If somebody else buys Ride, or agrees to buy ride, before the note is repaid or converted, K2 can demand to be paid in cash for up to a year based on the price of Ride’s stock (which could go up if a better deal comes along).

Ride, as a public company, has an obligation to consider any better offers. This note is structured not only to give Ride working capital to get it through the period until closing, but to make it less likely that any such deal will come along. If the deal with K2 closes, there’s nothing but intercompany debt that gets eliminated in consolidation.

The transaction will be accounted for as a purchase rather than a pooling, and now I’ve put my foot in it because I have to explain the difference and why it matters.

An Asset-Only DealFirst, if you buy assets, you assign values to the assets based on what they are really worth.

So if you’re buying accounts receivable worth 100,000 dollars in orders, but know that you won’t be able to collect perhaps 15,000 dollars of it, you’d “allocate” 85,000 dollars of the purchase price to those receivables.

After you’ve allocated as much of the purchase price as you can to the assets, the rest is allocated to goodwill. Goodwill sits on your balance sheet and has to be amoized (taken as an expense some at a time) over a period of many years, but isn’t deductible for tax purposes. In addition, no bank ever thinks goodwill is worth anything when considering whether or not to lend the company money.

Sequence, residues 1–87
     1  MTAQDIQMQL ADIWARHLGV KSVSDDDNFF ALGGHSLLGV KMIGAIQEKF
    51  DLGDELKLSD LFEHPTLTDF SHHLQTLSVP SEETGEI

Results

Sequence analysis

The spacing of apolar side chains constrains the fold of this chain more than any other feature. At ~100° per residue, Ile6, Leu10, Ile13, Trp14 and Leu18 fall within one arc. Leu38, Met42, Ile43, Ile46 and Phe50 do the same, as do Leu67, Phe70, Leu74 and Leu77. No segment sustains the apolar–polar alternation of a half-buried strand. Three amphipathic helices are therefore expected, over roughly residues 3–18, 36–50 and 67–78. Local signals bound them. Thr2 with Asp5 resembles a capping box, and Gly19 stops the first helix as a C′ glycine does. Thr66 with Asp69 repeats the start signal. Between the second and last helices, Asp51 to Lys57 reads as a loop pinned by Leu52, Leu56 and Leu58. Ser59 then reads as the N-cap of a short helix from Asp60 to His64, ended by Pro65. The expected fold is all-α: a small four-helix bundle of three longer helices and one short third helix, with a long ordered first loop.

Allocation of purchase price in an asset deal also has a major impact on who pays what tax when the deal closes, but since the Ride purchase isn’t an asset deal, we’ll skip that. You’re welcome.

Pooling DealsA pooling is a straight exchange of stock where the values on the two companies’ balance sheets are added up. No goodwill is created. No assets are written up or down, and there’s no allocation of purchase price. The only adjustments are the netting out of any inter-company amounts (amounts the two companies owe each other).

K2 is buying Ride’s stock with its stock, but it’s not a pooling because Ride shareholders are getting a certain value per each share of Ride stock they own–not just K2 shares. It’s a purchase.

A Look At The NumbersOnce K2 knows exactly how many shares it’s exchanging for Ride, and the market price of those shares at closing, it will know how many dollars it paid for Ride.

It’s buying Ride’s equity, a balance-sheet number. At March 31, that number was 16.1-million dollars. It’s probably lower now, perhaps even around 14.3-million dollars.